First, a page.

Genevieve was comfortable with her role as a woman of the night. She was good at it and had a knack for being able to spot the guys nice enough to be grateful but still street-smart enough to know they had to pay. So, as she walked into the Pumpkin Hut that night, she knew her mark without a second glance. Sitting alone at the bar staring infinitely into his beer, so distracted that he failed to notice a beautiful woman take the seat next to his. She waited until her drink arrived before turning to face him and saying.
“Haven’t seen you here before. Are you new to our fair town?”
Her voice was smooth as silk and oozed seduction. but he either didn’t notice or didn’t care, as it seemed to go right over his head.
“I’m new in every bar I drink in. We never stay anywhere long enough for anything else.”
“Oh? A traveller, that sounds interesting, you a salesman of some kind?”
His voice was flat and distracted.
He finished the last half of his beer and signalled for another. Her smile grew and she put a gentle hand on his arm.
“Dragon hunter? That sounds dangerous…’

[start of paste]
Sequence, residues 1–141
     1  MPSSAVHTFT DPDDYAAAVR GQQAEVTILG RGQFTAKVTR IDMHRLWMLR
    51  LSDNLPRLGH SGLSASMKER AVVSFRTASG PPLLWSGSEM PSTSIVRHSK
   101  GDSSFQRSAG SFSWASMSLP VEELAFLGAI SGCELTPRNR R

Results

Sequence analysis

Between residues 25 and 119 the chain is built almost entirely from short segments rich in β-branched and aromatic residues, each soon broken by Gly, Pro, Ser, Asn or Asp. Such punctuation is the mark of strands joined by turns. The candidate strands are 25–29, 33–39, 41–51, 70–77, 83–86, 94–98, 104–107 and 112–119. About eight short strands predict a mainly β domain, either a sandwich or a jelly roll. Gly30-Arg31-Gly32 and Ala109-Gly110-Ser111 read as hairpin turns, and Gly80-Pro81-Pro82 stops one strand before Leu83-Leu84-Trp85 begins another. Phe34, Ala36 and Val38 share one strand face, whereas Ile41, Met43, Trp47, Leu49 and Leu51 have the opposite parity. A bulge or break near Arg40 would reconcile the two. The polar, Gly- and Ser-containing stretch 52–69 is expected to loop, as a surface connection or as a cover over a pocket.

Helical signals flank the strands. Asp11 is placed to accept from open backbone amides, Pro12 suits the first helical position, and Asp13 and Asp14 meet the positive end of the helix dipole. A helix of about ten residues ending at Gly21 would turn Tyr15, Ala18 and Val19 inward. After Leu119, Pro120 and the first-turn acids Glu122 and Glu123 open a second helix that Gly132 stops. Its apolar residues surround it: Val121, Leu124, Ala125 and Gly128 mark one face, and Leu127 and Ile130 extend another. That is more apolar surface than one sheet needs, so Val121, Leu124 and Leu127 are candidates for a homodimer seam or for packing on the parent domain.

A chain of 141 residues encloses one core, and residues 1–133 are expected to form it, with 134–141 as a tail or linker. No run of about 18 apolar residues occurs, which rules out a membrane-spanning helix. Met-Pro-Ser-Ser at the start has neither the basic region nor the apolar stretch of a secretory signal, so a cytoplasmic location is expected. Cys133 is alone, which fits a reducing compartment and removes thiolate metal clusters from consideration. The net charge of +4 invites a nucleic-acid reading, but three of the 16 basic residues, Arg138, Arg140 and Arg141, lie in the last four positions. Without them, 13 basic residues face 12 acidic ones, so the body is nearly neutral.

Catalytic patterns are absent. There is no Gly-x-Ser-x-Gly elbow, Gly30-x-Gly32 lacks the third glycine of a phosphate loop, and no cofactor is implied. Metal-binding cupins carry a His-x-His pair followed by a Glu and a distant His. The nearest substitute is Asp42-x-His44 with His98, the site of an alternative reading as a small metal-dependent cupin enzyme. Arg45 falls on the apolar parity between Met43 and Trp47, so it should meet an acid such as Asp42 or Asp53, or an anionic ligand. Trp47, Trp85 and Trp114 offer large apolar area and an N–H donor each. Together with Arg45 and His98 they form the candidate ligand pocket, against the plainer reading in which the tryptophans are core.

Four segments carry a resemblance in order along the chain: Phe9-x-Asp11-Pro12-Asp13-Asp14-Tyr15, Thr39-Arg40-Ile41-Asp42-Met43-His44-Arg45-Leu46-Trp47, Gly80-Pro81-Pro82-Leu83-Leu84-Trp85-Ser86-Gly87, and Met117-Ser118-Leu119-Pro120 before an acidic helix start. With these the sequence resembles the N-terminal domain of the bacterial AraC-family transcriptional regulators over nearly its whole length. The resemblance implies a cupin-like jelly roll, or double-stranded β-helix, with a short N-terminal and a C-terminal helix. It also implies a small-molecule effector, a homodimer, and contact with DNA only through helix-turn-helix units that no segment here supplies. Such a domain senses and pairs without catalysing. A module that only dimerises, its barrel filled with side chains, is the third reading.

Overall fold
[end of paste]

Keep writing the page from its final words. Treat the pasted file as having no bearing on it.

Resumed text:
Her voice turned into a low whisper as she said.
’which we all know is just another word… for sexy.”
He rolled his eyes.
“Do we? Is that what we know? Have you ever actually seen a dragon?”
“Well, no, but…”
“I have, and let me tell you there is nothing ‘sexy’ about it. They’re huge, practically immortal, their scales are the hardest thing known to man, they’re smarter than we are, stronger than we are, and, oh yeah, they’re fucking made of magic.”
He shrugged exasperated and drank another large swig of beer.
“So… so why do you hunt them, if that’s how you feel?”
His face slipped into tragedy for a moment.
“It’s the family business. We’ve been hunting dragons for over sixteen generations, and I firmly believe the only thing scarier than a dragon... is my father, should I tell him I’m not going to cast spells for him anymore.”